Jérôme Champagne has come out swinging in these final days of the FIFA Presidency campaign, claiming that spending pledges tabled by UEFA general secretary Gianni Infantino are “very dangerous”.
Manchester United exec Ed Woodward sees the newly-acquisitive Chinese Super League (CSL) as “another useful market if we are looking to sell players”. And the recent £20 million-plus deal that took Ramires to Jiangsu Suning, to the considerable benefit of Chelsea’s bottom-line, surely demonstrates that he is right.
The sorry Liverpool saga about season ticket prices, increasing prices, fans walking out, then price rise rescinded, has once again raised the question of what is the place of fans in modern football.
At the start of the FIFA presidential race, all we heard was the need for a clean campaign, with each candidate energetically promoting his own cause. No finger-pointing, no duplicity, no mud-slinging.
Even the slickest, best choreographed media events – and I have attended few slicker than this week’s descent on Wembley by FIFA Presidential candidate Gianni Infantino and his footballing legends – have revealing moments.
When candidates of opposition political parties in US and British elections, and in many other countries for that matter, want to convince the voting public that they are best person for the job, they frequently go head-to-head on television as an important way of their getting their messages across. So what’s so precious about football?
‘Oh shut up, silly woman,’ said the reptile with a grin
‘You knew damn well I was a snake before you took me in.’
From The Snake by Al Wilson
My social media threads at the start of this week were full of the sarcastic indignation that is part of the medium’s stock-in-trade.
It is a country with a rich history, a history emblazoned with glory and noble victories, though at present the Italian national team performances are a little ‘see-saw’. The Italian Football Federation look at their trophies and their world position and are struggling to understand what’s going on.
Isha Johansen, President of the Sierra Leone Football Association, has a little game she plays with taxi drivers whenever she comes to London. The taxi is taking her to Oxford Street, Selfridges, and the taxi driver asks, “Going on another shopping spree are you? Going to shop till you drop?”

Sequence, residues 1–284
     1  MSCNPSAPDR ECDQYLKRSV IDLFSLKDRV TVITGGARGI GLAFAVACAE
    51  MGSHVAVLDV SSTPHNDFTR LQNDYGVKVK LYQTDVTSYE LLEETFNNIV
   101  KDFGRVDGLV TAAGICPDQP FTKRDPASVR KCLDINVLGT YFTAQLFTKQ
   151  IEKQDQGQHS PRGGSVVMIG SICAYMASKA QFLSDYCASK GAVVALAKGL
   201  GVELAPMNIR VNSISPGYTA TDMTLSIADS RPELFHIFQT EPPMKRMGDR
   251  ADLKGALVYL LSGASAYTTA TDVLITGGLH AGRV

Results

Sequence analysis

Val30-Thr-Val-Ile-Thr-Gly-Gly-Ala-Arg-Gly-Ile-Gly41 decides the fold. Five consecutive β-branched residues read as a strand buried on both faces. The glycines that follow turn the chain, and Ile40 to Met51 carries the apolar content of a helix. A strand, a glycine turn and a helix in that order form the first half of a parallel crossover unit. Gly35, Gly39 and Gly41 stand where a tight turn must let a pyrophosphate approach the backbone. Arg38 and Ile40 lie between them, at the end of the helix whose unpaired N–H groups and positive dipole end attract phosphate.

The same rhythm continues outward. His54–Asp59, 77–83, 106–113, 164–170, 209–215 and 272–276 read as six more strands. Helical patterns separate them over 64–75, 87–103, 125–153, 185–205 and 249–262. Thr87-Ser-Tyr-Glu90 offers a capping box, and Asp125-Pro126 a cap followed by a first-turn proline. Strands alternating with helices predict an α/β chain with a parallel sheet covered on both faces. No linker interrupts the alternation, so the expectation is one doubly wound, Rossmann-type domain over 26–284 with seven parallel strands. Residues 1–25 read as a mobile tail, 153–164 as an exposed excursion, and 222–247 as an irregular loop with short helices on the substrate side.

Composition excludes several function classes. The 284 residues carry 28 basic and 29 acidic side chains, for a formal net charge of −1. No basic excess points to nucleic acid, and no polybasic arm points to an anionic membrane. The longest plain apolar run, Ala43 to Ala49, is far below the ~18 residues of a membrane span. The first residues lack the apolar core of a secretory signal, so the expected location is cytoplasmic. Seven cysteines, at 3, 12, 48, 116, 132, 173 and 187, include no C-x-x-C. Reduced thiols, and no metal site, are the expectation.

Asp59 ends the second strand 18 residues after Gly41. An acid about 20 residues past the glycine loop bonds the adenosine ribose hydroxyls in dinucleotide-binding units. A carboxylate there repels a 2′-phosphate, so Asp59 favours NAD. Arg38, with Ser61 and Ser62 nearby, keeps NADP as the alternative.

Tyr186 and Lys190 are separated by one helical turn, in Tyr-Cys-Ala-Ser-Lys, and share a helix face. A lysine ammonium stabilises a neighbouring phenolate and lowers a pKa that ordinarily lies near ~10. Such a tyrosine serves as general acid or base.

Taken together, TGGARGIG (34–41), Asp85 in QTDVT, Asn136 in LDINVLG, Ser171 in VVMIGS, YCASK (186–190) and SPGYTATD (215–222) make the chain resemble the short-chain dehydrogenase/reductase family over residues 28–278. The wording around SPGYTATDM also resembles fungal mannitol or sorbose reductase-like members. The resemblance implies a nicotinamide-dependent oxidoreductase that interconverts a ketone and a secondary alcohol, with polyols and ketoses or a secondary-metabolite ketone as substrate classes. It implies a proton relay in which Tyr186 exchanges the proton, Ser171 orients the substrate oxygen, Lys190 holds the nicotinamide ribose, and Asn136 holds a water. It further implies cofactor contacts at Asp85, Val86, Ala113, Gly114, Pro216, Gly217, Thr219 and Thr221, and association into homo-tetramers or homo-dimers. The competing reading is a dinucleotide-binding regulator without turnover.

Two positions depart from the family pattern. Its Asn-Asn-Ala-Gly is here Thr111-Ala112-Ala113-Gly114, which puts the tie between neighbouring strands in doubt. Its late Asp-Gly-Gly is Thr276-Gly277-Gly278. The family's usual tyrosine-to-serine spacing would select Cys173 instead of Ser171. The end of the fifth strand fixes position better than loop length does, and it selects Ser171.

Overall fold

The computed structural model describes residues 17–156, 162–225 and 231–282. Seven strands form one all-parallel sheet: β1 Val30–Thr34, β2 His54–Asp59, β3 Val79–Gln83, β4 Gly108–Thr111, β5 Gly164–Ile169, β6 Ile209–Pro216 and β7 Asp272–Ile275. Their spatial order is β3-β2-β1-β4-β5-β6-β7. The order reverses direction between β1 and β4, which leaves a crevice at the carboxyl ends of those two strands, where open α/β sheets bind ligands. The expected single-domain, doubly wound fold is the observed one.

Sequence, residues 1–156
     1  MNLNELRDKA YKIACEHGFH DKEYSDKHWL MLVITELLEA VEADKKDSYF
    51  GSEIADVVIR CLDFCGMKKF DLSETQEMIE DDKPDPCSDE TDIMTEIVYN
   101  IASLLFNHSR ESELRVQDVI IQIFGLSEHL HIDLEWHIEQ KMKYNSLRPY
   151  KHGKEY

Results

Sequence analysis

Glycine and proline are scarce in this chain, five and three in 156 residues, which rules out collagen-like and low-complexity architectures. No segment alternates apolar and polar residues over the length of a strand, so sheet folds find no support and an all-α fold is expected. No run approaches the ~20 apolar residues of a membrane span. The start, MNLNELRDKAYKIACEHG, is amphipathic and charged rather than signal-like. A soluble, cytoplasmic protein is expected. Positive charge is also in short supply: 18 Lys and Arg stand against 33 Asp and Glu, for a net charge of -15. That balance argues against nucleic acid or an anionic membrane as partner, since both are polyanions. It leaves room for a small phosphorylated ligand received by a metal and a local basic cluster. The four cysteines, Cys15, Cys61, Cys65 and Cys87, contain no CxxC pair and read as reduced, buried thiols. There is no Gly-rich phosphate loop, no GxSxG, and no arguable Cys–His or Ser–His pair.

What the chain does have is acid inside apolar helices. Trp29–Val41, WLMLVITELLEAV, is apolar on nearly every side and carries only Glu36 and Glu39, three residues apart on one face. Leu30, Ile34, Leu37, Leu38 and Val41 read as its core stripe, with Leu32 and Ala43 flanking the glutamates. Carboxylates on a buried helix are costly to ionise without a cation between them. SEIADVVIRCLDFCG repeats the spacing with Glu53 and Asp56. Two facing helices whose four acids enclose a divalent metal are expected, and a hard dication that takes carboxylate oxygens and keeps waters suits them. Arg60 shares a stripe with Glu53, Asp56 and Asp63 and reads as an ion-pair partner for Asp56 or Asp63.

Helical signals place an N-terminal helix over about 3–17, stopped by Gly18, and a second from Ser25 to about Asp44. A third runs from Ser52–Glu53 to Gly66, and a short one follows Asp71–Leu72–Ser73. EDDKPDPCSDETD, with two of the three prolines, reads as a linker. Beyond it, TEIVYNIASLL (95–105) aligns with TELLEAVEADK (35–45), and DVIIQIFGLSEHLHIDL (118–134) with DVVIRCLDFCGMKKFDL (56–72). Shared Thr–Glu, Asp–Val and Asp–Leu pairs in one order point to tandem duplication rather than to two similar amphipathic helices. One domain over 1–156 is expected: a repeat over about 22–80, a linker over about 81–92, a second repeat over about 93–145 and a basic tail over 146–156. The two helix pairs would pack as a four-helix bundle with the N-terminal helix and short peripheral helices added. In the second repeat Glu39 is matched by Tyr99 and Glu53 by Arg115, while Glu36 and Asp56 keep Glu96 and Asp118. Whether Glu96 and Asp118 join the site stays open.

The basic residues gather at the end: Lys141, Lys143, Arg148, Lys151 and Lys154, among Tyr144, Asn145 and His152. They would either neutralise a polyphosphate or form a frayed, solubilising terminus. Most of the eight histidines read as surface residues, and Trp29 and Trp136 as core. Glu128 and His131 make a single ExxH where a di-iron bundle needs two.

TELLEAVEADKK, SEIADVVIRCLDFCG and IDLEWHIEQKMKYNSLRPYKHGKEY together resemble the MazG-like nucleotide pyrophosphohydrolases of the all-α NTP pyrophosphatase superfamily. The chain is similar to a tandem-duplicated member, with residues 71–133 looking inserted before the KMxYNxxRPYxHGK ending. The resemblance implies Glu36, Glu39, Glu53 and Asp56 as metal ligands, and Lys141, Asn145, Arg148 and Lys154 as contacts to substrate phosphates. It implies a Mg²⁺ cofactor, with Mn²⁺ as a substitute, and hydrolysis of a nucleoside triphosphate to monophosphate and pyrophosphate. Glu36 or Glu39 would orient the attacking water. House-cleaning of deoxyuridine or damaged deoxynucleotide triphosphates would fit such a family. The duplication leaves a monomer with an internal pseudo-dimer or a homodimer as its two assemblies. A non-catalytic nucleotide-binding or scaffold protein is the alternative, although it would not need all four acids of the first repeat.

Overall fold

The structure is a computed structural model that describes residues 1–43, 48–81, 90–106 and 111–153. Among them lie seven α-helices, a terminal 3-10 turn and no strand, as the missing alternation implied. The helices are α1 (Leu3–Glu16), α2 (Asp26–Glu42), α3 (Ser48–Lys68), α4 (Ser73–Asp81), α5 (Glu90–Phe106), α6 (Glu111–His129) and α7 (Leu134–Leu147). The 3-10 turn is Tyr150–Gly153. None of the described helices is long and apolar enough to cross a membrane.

United States attorney general Loretta Lynch may change FIFA, but old school football politics is likely to prove an altogether tougher dragon to slay.
“Birds of a feather flock together.” Aesop
When Sepp Blatter gave an interview to the Tass news agency recently it made headlines everywhere. The Football Association chairman, Greg Dyke, even took what Blatter had said to the British parliament. The widespread outrage arose from Blatter’s claim that he had intended to stitch up the 2018 and 2022 World Cup bidding in favour of the US and Russian World Cups.
Sporting traditions are supposed to die hard but not, it seems, when it comes to the FA Cup, football’s oldest – and greatest – domestic knockout competition.
One thing that unites all the Presidential candidates is their promise that they can deliver a FIFA that will get away from the scandals of the last year and become an organisation fit for purpose. Yet reading their proposed reforms what is striking is how timid these proposals are. None of them go far enough. They will amount to cosmetic changes that will not produce the new FIFA we need.
By many yardsticks, 2015 must go down as a pretty rotten year for sport. The crises at FIFA and the International Association of Athletics Federations (IAAF) have put doping and governance issues squarely at the top of the movement’s agenda, highlighting how it has struggled to cope with the full consequences of the financial windfall which the digital media era has delivered.
CONCACAF has had its three past presidents banned, indicted, charged or convicted.